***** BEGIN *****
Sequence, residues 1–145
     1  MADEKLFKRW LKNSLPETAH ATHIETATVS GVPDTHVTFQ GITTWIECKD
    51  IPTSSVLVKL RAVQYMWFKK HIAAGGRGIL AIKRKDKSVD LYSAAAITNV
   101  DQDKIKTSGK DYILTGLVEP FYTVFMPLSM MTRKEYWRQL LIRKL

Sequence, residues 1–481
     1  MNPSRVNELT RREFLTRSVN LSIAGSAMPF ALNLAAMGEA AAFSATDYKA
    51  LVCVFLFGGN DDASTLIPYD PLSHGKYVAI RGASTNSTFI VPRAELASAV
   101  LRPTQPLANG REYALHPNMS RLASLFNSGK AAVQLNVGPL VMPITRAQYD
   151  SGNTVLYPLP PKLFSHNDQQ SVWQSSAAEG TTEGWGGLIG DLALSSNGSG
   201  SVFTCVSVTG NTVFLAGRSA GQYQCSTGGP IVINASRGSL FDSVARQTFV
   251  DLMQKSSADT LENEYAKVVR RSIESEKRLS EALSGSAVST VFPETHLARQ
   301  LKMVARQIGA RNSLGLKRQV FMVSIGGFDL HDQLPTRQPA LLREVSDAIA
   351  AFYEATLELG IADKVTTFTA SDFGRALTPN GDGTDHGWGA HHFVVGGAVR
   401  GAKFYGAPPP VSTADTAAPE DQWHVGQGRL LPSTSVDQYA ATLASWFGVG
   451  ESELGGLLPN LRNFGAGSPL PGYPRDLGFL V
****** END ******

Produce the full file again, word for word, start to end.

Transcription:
Sequence, residues 1–145
     1  MADEKLFKRW LKNSLPETAH ATHIETATVS GVPDTHVTFQ GITTWIECKD
    51  IPTSSVLVKL RAVQYMWFKK HIAAGGRGIL AIKRKDKSVD LYSAAAITNV
   101  DQDKIKTSGK DYILTGLVEP FYTVFMPLSM MTRKEYWRQL LIRKL

Sequence, residues 1–481
     1  MNPSRVNELT RREFLTRSVN LSIAGSAMPF ALNLAAMGEA AAFSATDYKA
    51  LVCVFLFGGN DDASTLIPYD PLSHGKYVAI RGASTNSTFI VPRAELASAV
   101  LRPTQPLANG REYALHPNMS RLASLFNSGK AAVQLNVGPL VMPITRAQYD
   151  SGNTVLYPLP PKLFSHNDQQ SVWQSSAAEG TTEGWGGLIG DLALSSNGSG
   201  SVFTCVSVTG NTVFLAGRSA GQYQCSTGGP IVINASRGSL FDSVARQTFV
   251  DLMQKSSADT LENEYAKVVR RSIESEKRLS EALSGSAVST VFPETHLARQ
   301  LKMVARQIGA RNSLGLKRQV FMVSIGGFDL HDQLPTRQPA LLREVSDAIA
   351  AFYEATLELG IADKVTTFTA SDFGRALTPN GDGTDHGWGA HHFVVGGAVR
   401  GAKFYGAPPP VSTADTAAPE DQWHVGQGRL LPSTSVDQYA ATLASWFGVG
   451  ESELGGLLPN LRNFGAGSPL PGYPRDLGFL V